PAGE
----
by Ann Zeise
> I wish that I could stay at home and teach
> her myself but I’m a single parent and I have to work.
There is really no reason that homeschooling can’t be done completely on weekends and holidays. Do the math…
Many states have some such day and/or hours per year sort of requirement that is close to 1000 hours a year.
OK — so there are 52 weekends each year, and you and your child are probably awake, say, 14 hours a day, give or take. That’s 14 x 2 x 52 or 1456 waking hours in a year’s worth of weekends.
Now, if you can reasonably expect to do a little “educational” stuff on workday nights, like reading books together, playing a board game, watching some educational tv, doing something like attending a scout meeting or 4-H club, then you can EASILY homeschool your child as a working single parent.
Think of yourself more as a business manager or coach as that is how homeschooling works best anyways. Don’t feel you have to act or behave like a school teacher. School teachers behave the way they do because they have 24-32 kids in front of them. They have no choice. A manager or coach has one to just a handful of people to manage. They explain what needs to be done, makes sure the “team” has the proper training and tools, and then lets them get on with their job.
Do delegate some of the educational responsibilities. The child should agree to do some things on her own when you aren’t around. They should agree to read, do some “projects” in the way of art or building models and such. If your child is young, the babysitter can be expected to encourage creative activities and not plop your child in front of a tv all day. If the babysitter speaks another language, have her teach your child her language. They can bake and garden together; whatever. A teen should be expected to do some housework and have dinner ready when you get home from work.
On weekends I know you need your time to get so many chores done you don’t think homeschooling would be possible, but the actually time you spend “instructing” can be fit into the normal flow of your household. Spend a little time explaining a new concept, and then let your child work on a few problems while you work on your own projects. Keep touching base.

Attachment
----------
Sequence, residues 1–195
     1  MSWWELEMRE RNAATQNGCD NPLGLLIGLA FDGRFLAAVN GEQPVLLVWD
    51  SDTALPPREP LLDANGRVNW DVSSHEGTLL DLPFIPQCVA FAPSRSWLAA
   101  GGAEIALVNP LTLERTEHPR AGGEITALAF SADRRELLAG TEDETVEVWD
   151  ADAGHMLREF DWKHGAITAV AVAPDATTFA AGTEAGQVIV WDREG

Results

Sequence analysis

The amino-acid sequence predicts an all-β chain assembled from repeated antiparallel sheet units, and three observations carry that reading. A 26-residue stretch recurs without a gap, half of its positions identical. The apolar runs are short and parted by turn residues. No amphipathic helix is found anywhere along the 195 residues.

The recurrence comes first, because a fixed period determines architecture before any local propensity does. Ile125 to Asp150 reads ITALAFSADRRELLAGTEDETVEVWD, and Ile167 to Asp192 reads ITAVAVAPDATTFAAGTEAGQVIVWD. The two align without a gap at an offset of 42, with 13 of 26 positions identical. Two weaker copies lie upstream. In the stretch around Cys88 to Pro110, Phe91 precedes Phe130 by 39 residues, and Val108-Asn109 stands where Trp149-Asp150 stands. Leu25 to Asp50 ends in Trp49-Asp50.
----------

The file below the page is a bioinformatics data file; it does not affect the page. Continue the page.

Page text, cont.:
Instead of hiring a tutor, hire a maid and then you get to get rid of the onerous chores and get to do just the “fun stuff.” I know you are thinking I’m nuts, but I was a single working parent at one point, and I did just this. I hired another single mom, who was glad for the extra money, to come in for about 3 hours a week, clean the bathroom, the floors and the kitchen. It gave me so much more time to spend with my daughter it was worth it!
“Unschool” — incorporate learning into everything you do. If you have decided that this Saturday you are going to work on your car, then that’s the day you teach “basic auto mechanics” to your kid. If its your shopping day, have your child help to plan nutritious meals, shop for the best buys (explaining what parts of the plant or animal the food comes from), and later on help cook. (That covers health science, economics, biology, and the physics of cooking — even handwriting, if they wrote out the list!)
You don’t have to cover ALL the subjects every day yoursef! My mother has such lovely handwriting I delegated handwriting to her. We used to visit with her about once a month, and so she would teach Scott a few more lovely “Palmer method” letters. (Scott’s older now, so those lessons aren’t the focus any more, but Mom does like to tell him WWII stories and he’s willing to listen to those now.)
Delegate some instruction to the scout leader, to the soccer coach, to the Sunday school teacher, to the children’s theater director, to the piano teacher. Even your vet can teach your kid about the life cycle of fleas!
So, find a good sitter, enlist relatives and friends to instruct your child occasionally on whatever it is they like best, do just a little each night, “unschool” on the weekends, encourage your child to read a lot and have materials around for ‘projects,’ and, yes, you can homeschool — and relatively cheaply, too.
Check out Working & Single Parents for essays by others about the concerns of single parents and those living on limited incomes.